TUCSON — A medical doctor who practiced in Cochise County until state officials revoked his license in November now stands accused of conspiring over several months to have one of his former patients killed, the Arizona Attorney General’s Office has announced.
Glenn Gary Robertson has remained in the Pima County jail infirmary since March 8 following his arrest by the FBI at his residence in Benson. He was indicted by a state grand jury on one count of conspiracy to commit first-degree murder and must post a $1 million secured bond to be released pending trial.
Robertson, 50, had his first court appearance in Pima County but the indictment has resulted in the case being moved to Cochise County, where the clerk’s office will set an arraignment date once the paperwork is transferred from Pima County. A spokeswoman for the Cochise County Sheriff’s Office said Robertson will eventually be transferred to the jail in Bisbee.
The Herald/Review has confirmed state and federal investigators became interested in Robertson’s prescription-writing practices last year. Among those interviewed by a DEA investigator was a female patient who previously worked for the doctor.
The indictment alleges Robertson conspired with someone starting in January 2018 to have the woman murdered. Special agents contacted the woman in early March to tell her about Robertson’s plan and to move her out of southern Arizona for a few days until his arrest was executed.
The criminal complaint doesn’t explain why Robertson wasn’t taken into custody until March if the conspiracy had been ongoing for more than one year. The attorney general’s office declined to comment on the timeline.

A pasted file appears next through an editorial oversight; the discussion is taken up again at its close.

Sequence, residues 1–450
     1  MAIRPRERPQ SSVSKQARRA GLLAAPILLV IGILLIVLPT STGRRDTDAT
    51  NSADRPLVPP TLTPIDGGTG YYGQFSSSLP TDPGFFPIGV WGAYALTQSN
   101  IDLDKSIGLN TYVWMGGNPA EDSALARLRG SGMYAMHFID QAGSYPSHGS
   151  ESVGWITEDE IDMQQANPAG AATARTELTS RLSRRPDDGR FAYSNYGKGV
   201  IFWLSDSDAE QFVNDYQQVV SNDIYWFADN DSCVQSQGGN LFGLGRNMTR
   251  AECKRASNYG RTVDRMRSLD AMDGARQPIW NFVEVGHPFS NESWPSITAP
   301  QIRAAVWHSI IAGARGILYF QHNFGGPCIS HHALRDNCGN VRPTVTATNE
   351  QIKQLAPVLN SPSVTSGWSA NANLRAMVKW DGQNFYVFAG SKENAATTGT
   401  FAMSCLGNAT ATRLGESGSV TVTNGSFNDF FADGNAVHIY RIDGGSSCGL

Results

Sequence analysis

Although authorities identify the woman in Robertson’s criminal complaint, the Herald/Review generally does not reveal the name of crime victims. Additional details of the conspiracy are not divulged in court documents.
Public records show Robertson obtained a medical license in 2004. The Arizona Medical Board issued an emergency suspension of the license in June due to concerns with his professional conduct and possible substance abuse issues. He also ignored an order to undergo drug and alcohol testing.
The board permanently revoked Robertson’s license in November after he failed to cooperate with the agency’s investigation or respond to the suspension order.
But that wasn’t the first time the doctor had problems with his medical license. In 2009, the board restricted Robertson from practicing clinical medicine for two years after he admitted writing a prescription for a non-patient. He later suffered a stroke in 2015 which impacted his clinical work during his recovery.
Then, in December 2017, the board placed Robertson on probation following questions about the quality of care he provided a patient. His probationary period expired June 7, 2018, two weeks before the medical board issued the suspension order. The suspension became a formal revocation with no input from Robertson.
Robertson mostly practiced in Benson, Sierra Vista, and Tucson.